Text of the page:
Qianhai’s impact on the Shenzhen office market

October 2, 2013 / By

The Qianhai Shenzhen-Hong Kong Modern Service Industry Cooperation Zone (Qianhai) in western Shenzhen, just an hour from Hong Kong, is one of the new financial hubs that are proposing freer renminbi convertibility in China. A total of 3.7 million sqm of office space is likely to be built in the 15 sq km zone by 2020. In August, the first batch of three plots of mix-use land with a total GFA of 1.3 million sqm was auctioned for an accommodation value between RMB 15,948 and RMB 21,669 per sqm.

This new supply of office space raises the issue of oversupply and competition between Qianhai and other office submarkets in Shenzhen. In addition, the Futian and Nanshan submarkets will further add around 4.2 million sqm of Grade A and Grade B office space from now through 2017.

However, our opinion is that the reform measures proposed for Qianhai will boost office demand in Shenzhen because capital market and banking system liberalisation is such an important innovation.The capital account opening will not only attract additional foreign direct investment through companies establishing operations in Qianhai, but also domestic firms seeking cross-border investment opportunities will have reason to locate here. Other than financial reform, the favourable incentives on corporate income tax will also benefit qualified financial, professional services, high-tech, IT and logistics companies in Qianhai.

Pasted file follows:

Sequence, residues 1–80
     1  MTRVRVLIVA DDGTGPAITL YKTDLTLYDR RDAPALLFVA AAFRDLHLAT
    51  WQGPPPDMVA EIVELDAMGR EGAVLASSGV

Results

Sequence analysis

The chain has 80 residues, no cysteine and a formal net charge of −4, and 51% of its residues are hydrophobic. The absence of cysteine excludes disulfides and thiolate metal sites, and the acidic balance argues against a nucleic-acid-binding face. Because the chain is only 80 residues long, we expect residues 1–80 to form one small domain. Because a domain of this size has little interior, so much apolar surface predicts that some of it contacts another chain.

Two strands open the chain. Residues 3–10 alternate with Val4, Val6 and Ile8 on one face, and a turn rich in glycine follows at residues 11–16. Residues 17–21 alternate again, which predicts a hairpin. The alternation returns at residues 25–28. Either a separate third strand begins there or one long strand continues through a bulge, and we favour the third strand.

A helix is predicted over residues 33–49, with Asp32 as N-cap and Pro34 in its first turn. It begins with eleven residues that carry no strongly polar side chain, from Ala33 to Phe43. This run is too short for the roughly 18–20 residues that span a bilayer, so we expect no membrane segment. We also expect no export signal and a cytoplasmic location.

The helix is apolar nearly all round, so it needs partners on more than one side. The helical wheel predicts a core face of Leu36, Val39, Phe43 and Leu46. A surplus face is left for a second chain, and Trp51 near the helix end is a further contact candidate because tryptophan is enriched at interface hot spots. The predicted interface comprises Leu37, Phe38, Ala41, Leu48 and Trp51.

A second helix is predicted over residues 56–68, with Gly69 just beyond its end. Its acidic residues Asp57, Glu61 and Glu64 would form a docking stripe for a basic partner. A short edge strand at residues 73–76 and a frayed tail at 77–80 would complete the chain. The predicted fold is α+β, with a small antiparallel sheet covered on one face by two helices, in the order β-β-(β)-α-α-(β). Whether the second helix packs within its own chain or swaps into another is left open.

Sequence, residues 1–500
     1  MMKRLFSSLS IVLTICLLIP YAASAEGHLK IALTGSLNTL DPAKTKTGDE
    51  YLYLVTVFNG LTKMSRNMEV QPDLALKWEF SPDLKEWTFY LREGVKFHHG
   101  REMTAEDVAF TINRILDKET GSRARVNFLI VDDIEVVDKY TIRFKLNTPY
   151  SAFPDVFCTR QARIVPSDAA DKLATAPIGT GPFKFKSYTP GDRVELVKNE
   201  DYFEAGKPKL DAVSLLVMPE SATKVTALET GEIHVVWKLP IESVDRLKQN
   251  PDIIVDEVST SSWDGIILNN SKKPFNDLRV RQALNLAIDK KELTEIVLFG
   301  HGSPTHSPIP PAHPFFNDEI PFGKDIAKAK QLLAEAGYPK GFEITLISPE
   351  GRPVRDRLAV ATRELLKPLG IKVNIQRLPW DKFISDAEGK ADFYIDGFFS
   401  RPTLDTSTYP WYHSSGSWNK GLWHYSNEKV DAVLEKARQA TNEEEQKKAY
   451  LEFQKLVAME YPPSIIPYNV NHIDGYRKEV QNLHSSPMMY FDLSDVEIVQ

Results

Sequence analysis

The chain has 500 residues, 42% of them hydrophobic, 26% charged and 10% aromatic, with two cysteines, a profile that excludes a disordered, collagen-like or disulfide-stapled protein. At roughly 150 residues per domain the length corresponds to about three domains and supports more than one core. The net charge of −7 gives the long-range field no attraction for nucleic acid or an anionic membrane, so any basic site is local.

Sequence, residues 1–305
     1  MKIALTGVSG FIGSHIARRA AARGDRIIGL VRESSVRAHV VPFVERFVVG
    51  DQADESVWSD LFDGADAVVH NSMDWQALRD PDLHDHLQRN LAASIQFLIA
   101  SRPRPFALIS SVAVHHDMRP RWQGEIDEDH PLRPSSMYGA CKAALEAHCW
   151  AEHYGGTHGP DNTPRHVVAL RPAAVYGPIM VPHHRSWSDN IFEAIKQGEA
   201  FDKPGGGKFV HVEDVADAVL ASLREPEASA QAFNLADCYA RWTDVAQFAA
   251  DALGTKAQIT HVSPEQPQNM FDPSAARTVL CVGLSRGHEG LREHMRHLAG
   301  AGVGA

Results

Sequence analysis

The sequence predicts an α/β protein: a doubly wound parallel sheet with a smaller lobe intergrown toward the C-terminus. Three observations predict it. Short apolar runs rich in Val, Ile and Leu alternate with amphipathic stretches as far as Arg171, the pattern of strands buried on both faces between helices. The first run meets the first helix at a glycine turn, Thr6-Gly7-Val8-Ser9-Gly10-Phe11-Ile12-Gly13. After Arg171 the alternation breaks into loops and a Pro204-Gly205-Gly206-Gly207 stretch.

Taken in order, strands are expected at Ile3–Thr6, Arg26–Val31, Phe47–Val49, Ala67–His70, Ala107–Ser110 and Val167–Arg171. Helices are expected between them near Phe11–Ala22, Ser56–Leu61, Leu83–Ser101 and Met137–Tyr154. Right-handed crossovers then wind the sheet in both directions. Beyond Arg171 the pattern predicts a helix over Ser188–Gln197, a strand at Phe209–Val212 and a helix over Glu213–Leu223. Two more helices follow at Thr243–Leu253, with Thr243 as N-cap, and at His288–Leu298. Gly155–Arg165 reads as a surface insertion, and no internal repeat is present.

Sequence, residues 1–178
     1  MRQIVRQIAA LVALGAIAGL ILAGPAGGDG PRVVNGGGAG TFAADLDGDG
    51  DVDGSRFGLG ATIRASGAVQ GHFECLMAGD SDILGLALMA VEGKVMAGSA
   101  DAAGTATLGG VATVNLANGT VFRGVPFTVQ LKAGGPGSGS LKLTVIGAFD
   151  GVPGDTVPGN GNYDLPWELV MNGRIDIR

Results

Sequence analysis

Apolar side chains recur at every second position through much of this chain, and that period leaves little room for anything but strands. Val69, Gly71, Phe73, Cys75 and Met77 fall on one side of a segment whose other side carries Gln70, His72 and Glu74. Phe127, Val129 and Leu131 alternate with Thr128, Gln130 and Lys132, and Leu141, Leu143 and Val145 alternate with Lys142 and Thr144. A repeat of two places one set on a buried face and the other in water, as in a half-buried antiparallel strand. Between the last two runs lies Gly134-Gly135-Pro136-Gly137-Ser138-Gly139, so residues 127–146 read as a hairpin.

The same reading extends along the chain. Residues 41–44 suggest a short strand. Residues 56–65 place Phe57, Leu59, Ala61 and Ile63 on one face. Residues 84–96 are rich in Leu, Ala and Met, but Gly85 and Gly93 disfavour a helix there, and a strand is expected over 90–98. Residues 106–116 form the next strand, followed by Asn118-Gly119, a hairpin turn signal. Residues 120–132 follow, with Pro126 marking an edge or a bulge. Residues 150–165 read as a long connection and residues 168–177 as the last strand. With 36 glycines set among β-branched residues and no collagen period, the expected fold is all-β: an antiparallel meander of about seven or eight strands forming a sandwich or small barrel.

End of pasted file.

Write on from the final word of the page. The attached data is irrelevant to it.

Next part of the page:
On the other hand, Qianhai only permits newly set-up entities to register in the special economic zone and enjoy the incentives, implying a restriction on existing companies already in Shenzhen. This is apparently a bid to target new investment growth and avoid competition with other submarkets. Furthermore, the Qianhai authorities will allow companies that register in the new zone to operate in other submarkets for five years. As a result, there are plenty of companies, both newly set-up and those potentially investing, who are looking for a considerable amount of office space in mature office submarkets in Shenzhen. Moreover, it is worth noting that some non-financial-related companies are taking the chance to regroup or establish joint venture financial companies. For example, six Shenzhen and Guangzhou-based enterprises, including FMCG, high-tech and logistics firms, have jointly set up Foresea Life Insurance in Qianhai.

The improved market sentiment and increased office demand led by Qianhai has also resulted in rents increasing during the first three quarters of the year, up by 5.7% in the Grade A office market. This has come at a time when some office markets in China are struggling with weak demand. Although there will be concern about tenant outflow to the new zone after five years, we believe the structural change in the economy to a higher percentage share of financial and service sector companies who are more sizable occupiers will drive a sustained demand uptick in the office market.


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